The mitral valve is one of four valves in the heart.
The mitral valve is located on the left side of the heart between the left atrium and left ventricle.
This valve, like many other valves, functions to allow movement of blood in one direction between the aforementioned chambers.
Structurally, the mitral valve is made up of 2 leaflets. Based of the leaflet’s anatomical location we call one the anterior mitral valve leaflet, and the other is called the posterior mitral valve leaflet.
Each leaflet structurally resembles a parachute. The leaflets are anchored to the heart by 2 ways. The first is the hinge point, which attaches the mitral valve annulus. The annulus is the frame that divides the left atrium from the left ventricle. This is similar to the hinge point of a door, allowing the valve to open and close. The second point of attachment is to the chordae tendineae and papillary muscles.
Each of these structures prevents the valve from flapping or billowing when opening and closing, and contributes to the stability of valve and cardiac function. The entire structure is known as the mitral valve apparatus.
Have you ever wondered what a donor heart sees before it's transplanted? Well, that was one of the reasons we created WAITING.
WAITING, with the help of broadcast company G9MD, depicts the trajectory of a donor heart as it sits waiting at different times during the transplant process.
The title of the project was aimed at describing the different moving part that have to wait for the transplant to take place. For instance, the donor heart WAITS to be placed. The recipient is placed on a WAITING list. Finally once the donor and recipient are matched the anxious WAIT begins for the transplant team as the heart is removed, transported and delivered to the operating room. It culminates with the transplant team quickly sewing the donor into the recipient. However, no one really gets to celebrate until after WAITING for the first heart beat!!!!!
Watch the video to get a good perspective of the emotion!!!!!
A few years ago our heart transplant program decided to establish an activity called Celebration of Life. The intent of this event was to celebrate the work done by all in the heart transplant program during a particular calendar year.
During the event, we highlight and celebrate many aspects of the program. From the volumes to the outcomes, to the recipients who trusted us to care for them the Celebration of life has become a revolving yearly event.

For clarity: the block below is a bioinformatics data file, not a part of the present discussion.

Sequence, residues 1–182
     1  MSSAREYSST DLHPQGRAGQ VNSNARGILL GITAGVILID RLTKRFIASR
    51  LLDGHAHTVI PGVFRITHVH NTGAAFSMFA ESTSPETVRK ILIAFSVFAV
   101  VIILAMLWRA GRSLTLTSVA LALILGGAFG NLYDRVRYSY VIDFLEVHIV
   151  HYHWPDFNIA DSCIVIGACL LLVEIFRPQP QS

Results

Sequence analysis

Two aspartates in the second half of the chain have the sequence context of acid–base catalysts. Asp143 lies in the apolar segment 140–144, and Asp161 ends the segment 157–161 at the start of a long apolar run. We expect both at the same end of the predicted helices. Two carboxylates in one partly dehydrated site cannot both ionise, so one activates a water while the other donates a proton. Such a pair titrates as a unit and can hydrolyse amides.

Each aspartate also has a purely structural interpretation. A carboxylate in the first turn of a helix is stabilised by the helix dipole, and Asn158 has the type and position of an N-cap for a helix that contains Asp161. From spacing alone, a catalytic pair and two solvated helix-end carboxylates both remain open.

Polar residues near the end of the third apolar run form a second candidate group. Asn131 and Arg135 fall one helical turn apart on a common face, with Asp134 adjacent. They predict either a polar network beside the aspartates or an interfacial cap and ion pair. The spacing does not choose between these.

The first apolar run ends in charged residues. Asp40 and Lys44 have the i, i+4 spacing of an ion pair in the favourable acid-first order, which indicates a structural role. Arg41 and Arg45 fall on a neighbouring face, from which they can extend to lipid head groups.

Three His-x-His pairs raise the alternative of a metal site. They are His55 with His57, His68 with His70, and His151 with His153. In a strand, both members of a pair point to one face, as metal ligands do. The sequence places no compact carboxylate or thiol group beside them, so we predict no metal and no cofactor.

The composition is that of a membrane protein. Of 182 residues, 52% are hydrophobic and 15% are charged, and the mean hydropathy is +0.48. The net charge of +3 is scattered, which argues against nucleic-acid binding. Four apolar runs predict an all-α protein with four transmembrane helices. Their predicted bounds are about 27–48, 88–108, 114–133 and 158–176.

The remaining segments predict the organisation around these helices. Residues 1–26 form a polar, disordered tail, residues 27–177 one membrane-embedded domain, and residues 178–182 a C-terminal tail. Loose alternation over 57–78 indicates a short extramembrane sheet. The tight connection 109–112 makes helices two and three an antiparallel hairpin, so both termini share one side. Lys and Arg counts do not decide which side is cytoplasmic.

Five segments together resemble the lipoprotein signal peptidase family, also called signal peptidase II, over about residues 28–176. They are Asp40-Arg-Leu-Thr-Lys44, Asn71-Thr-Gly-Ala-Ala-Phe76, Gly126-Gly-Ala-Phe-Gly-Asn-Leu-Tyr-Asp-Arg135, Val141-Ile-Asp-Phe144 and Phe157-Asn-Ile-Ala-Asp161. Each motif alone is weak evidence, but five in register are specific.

Because we believe the success of our program is due to the work of many we take the time to give out a number of awards. Individual awards are distributed depending on the particular team the person works in (i.e. Clinic Staff, operating room, ICU, etc..) and the winners are selected by their peers. Additionally, we give out the Dr. John Capehart Award, which is was created to immortalize the passionate work of Dr. Capehart in the heart transplant program, and is given to an individual who during the calendar year went above and beyond in caring for our patients. Previous two recipients have been Dr. Shelley Hall from Heart Failure Cardiology and Ms. Ashley Cross from the Heart Transplant Clinic.
The evening ends with an emotional closure by recognizing the recipients in our program. During this part of the event each patients receives a certificate commemorating another year of life!
While in the past few years the Celebration of Life was organized by a handful of individuals this year a committee made up of several representatives within the program have created the agenda. I've the seen the final program and I have to say they did a spectacular job!!!!!!
So, get ready to celebrate life once a gain and make sure you attend!!! This year the Celebration of Life will take place on February 2nd 2017 in the 10th Floor of the Sammons Cancer Center.
For more information call or email at the above.
By now you have been told you have blockages in your coronary arteries and you need to meet a heart surgeon. I completely understand the overwhelming feeling. What is going to happen? What are the risks? How long do I need to be out or work? And so many other questions.
Here is a basic talk I have with my patients when they come and visit me for a consult:
So there is not much more I can tell you about your heart than you already know. You have coronary artery disease. What it means is the arteries which supply blood to your heart have blockages. The reason for developing those blockages can be several but these can be divided into 2 broad categories: environmental or genetics reasons. Environmental reasons include things that you can control, for example smoking, bad eating habits, and not exercising. Genetic reasons are conditions which may have been passed along from one family member to you. Mainly from your parents, or an immediate family member, who passed the condition onto you. Such is the case of many patients suffering of coronary artery disease. Usually you can recall of a family member who suffered or died of a heart attack.